Illinois Braced For Consequences as “Most Dangerous Law” Takes Effect

( – The Safety, Accountability, Fairness, and Equity-Today (SAFE-T) Act, described by Orland Park Mayor Keith Pekau as “the most dangerous law I’ve ever seen,” came into effect on Jan. 1 in Illinois. The bill is an overhaul of the Illinois justice system with new provisions, such as limiting circumstances when a defendant can be considered a flight risk and allowing defendants under electronic monitoring to be away from home for up to 48 hours before they can be charged with escape.

In November, Jefferson County Sherriff Jeff Bullard said that most counties in the state were completely opposed to the changes, saying that “It really only had Cook County in mind”. He added that if Cook County wanted it, they could have it, “But the rest of us don’t want it.” He urged Illinois police and state’s attorneys not to be “overzealous” when prosecuting victims who use violence to protect themselves and stop people who are committing crimes once the new law takes effect.

One provision in the bill was the elimination of cash bail, a move opposed by 100 out of 102 county state’s attorneys on the grounds it would lead to the immediate release of a flood of violent criminals onto the street of Illinois communities. The Illinois high court halted the elimination of cash bail on Dec. 31 as the state appeals the decision, but the rest of the bill remains in effect.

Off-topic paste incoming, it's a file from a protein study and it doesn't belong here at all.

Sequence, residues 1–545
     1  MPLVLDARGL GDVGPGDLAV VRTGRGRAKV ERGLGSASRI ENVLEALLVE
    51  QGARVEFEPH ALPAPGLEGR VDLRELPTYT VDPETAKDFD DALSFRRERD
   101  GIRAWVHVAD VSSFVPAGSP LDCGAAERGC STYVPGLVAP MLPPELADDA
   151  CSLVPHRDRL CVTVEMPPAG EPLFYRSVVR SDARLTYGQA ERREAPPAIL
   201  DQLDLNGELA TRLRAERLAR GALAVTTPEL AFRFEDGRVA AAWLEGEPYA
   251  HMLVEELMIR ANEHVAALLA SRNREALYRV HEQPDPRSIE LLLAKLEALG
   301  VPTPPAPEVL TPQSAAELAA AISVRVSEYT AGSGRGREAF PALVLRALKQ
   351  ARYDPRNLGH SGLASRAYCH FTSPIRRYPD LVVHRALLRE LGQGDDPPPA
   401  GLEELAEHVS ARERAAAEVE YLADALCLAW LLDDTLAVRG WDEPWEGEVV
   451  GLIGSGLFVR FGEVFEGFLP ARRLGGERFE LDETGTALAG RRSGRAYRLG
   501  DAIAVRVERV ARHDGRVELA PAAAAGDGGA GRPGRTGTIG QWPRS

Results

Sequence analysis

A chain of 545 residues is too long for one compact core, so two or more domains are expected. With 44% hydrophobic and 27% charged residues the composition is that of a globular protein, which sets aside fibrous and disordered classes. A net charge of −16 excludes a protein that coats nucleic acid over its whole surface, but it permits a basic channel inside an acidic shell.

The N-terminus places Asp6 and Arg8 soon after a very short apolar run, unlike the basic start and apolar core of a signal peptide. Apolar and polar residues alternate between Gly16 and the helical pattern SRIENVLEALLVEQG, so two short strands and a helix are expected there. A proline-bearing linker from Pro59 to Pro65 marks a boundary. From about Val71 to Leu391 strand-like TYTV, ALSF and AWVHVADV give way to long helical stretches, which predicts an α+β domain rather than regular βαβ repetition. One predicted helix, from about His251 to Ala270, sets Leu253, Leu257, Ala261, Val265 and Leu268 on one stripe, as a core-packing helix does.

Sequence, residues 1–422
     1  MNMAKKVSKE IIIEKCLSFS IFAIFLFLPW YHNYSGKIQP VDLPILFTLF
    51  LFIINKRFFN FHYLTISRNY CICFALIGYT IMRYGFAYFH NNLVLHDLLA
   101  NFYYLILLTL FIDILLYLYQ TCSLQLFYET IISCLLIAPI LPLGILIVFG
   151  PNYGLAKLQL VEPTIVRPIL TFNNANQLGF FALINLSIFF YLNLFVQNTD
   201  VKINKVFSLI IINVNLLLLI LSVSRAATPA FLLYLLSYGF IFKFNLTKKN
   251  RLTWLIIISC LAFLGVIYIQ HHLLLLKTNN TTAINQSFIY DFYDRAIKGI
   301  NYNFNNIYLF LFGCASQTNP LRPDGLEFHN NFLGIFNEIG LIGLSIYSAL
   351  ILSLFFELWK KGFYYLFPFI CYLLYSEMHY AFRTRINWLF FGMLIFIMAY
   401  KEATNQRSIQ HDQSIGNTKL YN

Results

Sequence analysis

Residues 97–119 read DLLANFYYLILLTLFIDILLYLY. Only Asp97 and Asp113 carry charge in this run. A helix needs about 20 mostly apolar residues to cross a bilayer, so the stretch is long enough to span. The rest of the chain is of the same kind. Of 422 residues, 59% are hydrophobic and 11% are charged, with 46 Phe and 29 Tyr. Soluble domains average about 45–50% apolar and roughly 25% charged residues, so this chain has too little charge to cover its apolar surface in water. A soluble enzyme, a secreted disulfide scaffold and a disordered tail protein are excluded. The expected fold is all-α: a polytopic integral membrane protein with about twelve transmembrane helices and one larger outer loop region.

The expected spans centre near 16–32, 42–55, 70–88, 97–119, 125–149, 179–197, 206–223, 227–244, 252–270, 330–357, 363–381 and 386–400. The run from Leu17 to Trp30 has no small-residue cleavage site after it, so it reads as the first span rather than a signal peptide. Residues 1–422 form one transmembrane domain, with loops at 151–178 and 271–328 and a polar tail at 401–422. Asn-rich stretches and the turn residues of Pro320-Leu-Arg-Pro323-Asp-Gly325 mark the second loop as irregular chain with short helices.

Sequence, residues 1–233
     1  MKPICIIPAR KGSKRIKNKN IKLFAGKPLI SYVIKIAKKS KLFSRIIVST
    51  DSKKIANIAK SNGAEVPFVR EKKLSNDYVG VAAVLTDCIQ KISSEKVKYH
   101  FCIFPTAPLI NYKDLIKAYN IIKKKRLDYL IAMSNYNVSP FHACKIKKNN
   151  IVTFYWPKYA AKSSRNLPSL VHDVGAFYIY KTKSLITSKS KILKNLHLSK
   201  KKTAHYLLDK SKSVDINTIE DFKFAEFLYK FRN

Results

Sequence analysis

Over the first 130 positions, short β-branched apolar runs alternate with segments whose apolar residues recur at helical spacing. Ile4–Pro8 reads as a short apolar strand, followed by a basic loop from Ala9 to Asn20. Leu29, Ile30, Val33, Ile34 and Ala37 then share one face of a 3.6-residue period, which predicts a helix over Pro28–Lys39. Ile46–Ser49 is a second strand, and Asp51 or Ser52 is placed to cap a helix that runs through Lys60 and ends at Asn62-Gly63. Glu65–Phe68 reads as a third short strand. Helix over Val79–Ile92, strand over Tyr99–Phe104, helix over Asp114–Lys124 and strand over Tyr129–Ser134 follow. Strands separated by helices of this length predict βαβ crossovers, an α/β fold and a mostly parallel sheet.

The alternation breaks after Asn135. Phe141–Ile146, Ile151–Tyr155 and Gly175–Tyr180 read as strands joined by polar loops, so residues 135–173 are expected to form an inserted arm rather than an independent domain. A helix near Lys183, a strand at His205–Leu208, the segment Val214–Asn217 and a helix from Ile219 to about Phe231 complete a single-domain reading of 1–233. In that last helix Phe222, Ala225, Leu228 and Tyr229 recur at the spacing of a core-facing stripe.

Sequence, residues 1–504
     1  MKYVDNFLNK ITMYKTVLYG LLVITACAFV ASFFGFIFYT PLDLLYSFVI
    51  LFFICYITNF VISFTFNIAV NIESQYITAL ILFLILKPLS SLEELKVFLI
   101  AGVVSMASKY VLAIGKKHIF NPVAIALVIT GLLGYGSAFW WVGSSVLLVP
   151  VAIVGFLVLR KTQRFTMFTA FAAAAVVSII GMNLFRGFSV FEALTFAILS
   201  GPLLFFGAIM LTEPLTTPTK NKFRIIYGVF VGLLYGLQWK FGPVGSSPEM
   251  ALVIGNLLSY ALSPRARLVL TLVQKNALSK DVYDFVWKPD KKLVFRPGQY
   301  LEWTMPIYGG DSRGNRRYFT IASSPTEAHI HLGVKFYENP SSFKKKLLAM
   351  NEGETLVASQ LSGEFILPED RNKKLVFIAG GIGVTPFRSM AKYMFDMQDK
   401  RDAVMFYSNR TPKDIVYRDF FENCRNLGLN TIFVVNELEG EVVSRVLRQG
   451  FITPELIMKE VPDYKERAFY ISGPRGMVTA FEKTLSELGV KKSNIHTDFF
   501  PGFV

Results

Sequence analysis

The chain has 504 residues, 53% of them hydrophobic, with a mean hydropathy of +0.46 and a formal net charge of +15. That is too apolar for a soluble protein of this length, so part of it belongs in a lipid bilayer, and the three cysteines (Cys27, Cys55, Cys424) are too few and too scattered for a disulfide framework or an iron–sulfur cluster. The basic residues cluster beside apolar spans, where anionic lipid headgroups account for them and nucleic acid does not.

The bill was pushed through the Democrat-controlled Illinois legislature in the dying hours of a lame-duck session, then signed into law by Democratic Gov. J.B.Pritzker. Republican Illinois state Rep. Patrick Windhorst claims to know several people who originally voted for the bill, but who now have regrets. He claims, “a lot of people who voted for it didn’t realize what was in it.”

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